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Currently most Nukes are actually thermonuclear fusion bombs ignited by a fission (uranium or plutoniom) bomb.

The fission bomb is like a lighting match that s needed to trigger the more powerful fusion reaction. The fission bomb produces lots of radioactive waste. That s why we say that nukes are "dirty".

If we manage to create a pure fusion bomb that doesn't need a fission bomb to ignite, then we would have a "clean" hydrogen bomb. The first country to gain access to such a bomb would have a tremendous tactical advantage.

Your enemy is moving his fleet close to your borders? Just throw a clean fusion bomb and sink the entire fleet.

A terrorist group is hiding in the ruins of a city? Just throw a few fusion bombs in a row to completely flatten that area.

Such a weapon might actully be cheaper than cruise missiles since they won't need to be very precise and the raw material (hydrogen isotopes) are cheaper to produce than what s needed for a fission bomb.

How do you think such a weapon would affect modern warfare?

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    $\begingroup$ Actually, the yeild is not due to fusion, so your characterization is wrong. The fusion of heavy hydrogen isotopes is to provide a neutron flux which allows more reaction from the plutonium before it’s scattered. $\endgroup$ – JDługosz Nov 29 '16 at 6:05
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    $\begingroup$ To fuse hydrogen into helium you need high temperature at least higher than the core of our Sun, OK the Sun cheated but never mind that I think people are trying to shrink LHC so... $\endgroup$ – user6760 Nov 29 '16 at 6:07
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    $\begingroup$ Perhaps you could rephrase the question, Make it purely about military doctrine in a world where "tech X" makes it possible to completely level for example a city without the long term effects of todays (thermo)nuclear bombs. Let "pure fusion bomb" simply be an example of what "tech X" might be. $\endgroup$ – Guran Nov 29 '16 at 7:14
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    $\begingroup$ Perhaps you could look at how fuel-air-explosives are used today. That is the go-to conventional weapon for target areas with nothing but enemies and "acceptable collateral losses" $\endgroup$ – Guran Nov 29 '16 at 7:19
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    $\begingroup$ An environmentally friendly nuclear bomb?! Terrorist groups tend to hide out in populated cities rather than ruins to prevent those types of attacks, which really could be carried out with today's weapons. $\endgroup$ – colmde Nov 29 '16 at 12:06

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You can already blow nuclear weapons in a "clean" manner

Nuclear weapons that are detonated as air bursts are relatively "clean" and do not produce much fallout. There will be some local "activation" but in general the trope that a nuclear detonation will create a lethally irradiating death-zone is false (in general, you can make it that way, if you "salt" the bomb and you make it a ground detonation).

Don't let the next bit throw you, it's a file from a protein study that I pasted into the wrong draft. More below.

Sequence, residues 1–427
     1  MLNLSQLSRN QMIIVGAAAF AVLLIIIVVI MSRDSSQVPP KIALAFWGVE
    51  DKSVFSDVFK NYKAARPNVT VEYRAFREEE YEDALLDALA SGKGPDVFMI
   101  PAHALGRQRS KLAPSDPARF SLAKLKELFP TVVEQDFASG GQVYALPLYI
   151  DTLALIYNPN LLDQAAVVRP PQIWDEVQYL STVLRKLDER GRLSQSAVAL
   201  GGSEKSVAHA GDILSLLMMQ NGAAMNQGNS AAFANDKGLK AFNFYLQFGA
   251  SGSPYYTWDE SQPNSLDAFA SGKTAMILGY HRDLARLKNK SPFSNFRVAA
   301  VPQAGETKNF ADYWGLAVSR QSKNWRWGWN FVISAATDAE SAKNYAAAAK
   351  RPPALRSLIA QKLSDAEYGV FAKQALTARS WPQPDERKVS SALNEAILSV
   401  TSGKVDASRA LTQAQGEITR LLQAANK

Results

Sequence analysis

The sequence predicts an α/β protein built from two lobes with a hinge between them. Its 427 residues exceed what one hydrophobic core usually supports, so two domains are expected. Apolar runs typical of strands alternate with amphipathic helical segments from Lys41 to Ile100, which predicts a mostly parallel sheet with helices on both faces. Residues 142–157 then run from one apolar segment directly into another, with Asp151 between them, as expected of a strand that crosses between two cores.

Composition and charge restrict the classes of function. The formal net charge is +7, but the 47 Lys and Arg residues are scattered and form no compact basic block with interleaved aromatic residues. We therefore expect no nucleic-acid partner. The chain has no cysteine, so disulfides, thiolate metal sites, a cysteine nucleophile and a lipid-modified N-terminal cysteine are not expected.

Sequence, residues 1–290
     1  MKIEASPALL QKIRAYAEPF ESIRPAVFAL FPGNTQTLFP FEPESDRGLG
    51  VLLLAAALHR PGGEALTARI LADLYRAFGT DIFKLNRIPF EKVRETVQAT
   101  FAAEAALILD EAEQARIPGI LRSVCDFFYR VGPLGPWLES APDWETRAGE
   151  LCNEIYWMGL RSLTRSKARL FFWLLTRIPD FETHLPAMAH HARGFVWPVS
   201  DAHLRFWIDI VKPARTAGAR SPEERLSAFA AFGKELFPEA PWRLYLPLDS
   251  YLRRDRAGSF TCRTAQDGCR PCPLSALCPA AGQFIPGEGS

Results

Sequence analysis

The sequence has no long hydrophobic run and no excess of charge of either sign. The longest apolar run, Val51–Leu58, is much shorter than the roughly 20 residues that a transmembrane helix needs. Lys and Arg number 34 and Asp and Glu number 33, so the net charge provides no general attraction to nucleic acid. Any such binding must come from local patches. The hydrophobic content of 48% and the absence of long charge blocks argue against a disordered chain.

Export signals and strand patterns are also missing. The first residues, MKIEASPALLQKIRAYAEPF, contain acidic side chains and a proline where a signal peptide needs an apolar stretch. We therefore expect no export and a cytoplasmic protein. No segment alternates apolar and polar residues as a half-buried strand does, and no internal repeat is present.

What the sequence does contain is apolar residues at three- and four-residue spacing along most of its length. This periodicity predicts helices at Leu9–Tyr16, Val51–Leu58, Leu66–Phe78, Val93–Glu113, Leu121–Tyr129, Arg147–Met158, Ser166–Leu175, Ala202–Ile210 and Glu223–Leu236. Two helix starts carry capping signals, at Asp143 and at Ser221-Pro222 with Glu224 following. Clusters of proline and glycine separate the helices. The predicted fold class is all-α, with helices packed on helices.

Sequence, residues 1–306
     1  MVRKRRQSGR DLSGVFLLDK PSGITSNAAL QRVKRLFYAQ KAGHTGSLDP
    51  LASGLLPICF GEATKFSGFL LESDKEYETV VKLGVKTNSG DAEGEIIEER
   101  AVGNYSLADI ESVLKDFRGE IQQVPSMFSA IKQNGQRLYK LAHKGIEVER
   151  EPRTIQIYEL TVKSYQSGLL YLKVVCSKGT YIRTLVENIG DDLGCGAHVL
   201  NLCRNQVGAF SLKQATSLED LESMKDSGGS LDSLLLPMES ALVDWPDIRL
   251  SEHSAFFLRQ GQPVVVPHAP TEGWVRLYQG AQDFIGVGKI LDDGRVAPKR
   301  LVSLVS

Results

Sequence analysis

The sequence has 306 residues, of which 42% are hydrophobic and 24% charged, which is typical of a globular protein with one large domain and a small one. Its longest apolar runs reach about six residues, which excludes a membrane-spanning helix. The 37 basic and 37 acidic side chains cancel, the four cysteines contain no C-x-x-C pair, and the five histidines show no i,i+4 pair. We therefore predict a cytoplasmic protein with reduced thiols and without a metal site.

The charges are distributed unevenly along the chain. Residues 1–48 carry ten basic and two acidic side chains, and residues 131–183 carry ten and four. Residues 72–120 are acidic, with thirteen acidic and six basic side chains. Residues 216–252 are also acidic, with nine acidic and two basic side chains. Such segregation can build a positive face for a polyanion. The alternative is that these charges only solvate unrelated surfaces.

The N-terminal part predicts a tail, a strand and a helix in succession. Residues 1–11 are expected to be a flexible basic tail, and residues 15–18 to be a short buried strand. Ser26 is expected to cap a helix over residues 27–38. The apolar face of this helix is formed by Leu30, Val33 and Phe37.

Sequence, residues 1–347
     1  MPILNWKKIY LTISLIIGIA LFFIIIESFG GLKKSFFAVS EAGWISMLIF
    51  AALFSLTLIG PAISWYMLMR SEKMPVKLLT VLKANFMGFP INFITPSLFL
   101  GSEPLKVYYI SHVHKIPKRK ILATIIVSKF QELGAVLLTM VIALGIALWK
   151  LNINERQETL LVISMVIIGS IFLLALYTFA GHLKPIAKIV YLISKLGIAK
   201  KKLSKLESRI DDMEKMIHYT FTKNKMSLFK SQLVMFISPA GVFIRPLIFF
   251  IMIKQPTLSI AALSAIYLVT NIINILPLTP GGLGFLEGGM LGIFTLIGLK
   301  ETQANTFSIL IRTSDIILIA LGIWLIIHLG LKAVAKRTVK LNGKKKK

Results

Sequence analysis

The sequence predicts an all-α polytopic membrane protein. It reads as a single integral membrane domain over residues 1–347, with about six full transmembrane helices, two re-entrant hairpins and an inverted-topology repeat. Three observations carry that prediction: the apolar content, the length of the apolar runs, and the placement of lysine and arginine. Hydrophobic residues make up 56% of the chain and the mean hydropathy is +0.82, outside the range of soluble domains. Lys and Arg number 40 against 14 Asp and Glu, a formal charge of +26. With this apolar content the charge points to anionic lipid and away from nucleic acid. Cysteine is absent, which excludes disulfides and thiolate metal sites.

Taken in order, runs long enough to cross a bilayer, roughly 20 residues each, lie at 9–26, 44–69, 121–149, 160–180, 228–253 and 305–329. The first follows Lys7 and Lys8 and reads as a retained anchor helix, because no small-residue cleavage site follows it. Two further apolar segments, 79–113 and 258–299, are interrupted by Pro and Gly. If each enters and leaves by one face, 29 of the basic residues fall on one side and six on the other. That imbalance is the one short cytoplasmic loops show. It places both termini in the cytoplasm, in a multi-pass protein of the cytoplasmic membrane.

Safecast map of Hiroshima

Safecast Map of Nagasaki

So your question is not hypothetical. It has always been the case that radiation damage can be made to play only a small part of an exchange of nuclear weapons. That is not why people are holding back on using them, but because of the sheer direct destructive power that they have. They are Weapons of Mass Destruction by their detonations alone. The possibility that they can also cause severe fallout is just a "bonus", but it is not the main reason for their classification as WMDs.

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Warfare is more and more moving away from having one big army in one spot where a big bomb would be effective.

Urban warfare, guerrilla tactics, hidden bases, jamming, stealth technology - those things seem to be the keywords for modern wars. Combined with cyber-attacks, espionage, propaganda, misinformation and other types of information warfare, 'diplomacy'/bullying and economic pressure.

That's why we see more development towards autonomous weapons and surveillance than weapons of mass destruction today.

Most likely, as globalization continues we will see a shift from "military" characteristics towards "police" characteristics in future warfare.

At least unless we trigger a full out world war III, in which case we are all doomed anyways.

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The only practical way to initiate a "pure" fusion explosion would be to use a small quantity of antimatter to initiate the fusion reaction (possibly by using a small amount of antimatter the centre of a sphere of Lithium Hydride and using explosive lenses to collapse the fusion fuel onto the antimatter).

While much smaller and "cleaner" than a conventional fusion weapon, it will still release a great deal of energy in the form of neutrons and x rays, so there will still be radiation effects.

As noted, there are many reasons not to use massively powerful WMDs in modern war (even strategic weapons today are thought to have yields limited to @ 300Kt). On the other hand, nuclear weapons can be used as compact, high energy sources to power other weapons systems. Atomic Rockets has a long section on this in the "Conventional Weapons" page.

A quick summary, nuclear weapons can be used to drive a "shotgun" and accelerate pellets to 100km/sec.

A nuclear shaped charge can drive a stream of liquid metal at speeds approaching 3% c

A Casaba Howitzer can use the energy to create and drive a spindle of plasma at up to 10% c

Finally, a nuclear explosion could be used to power an X-ray laser which sends a coherent beam at the speed of light at the target.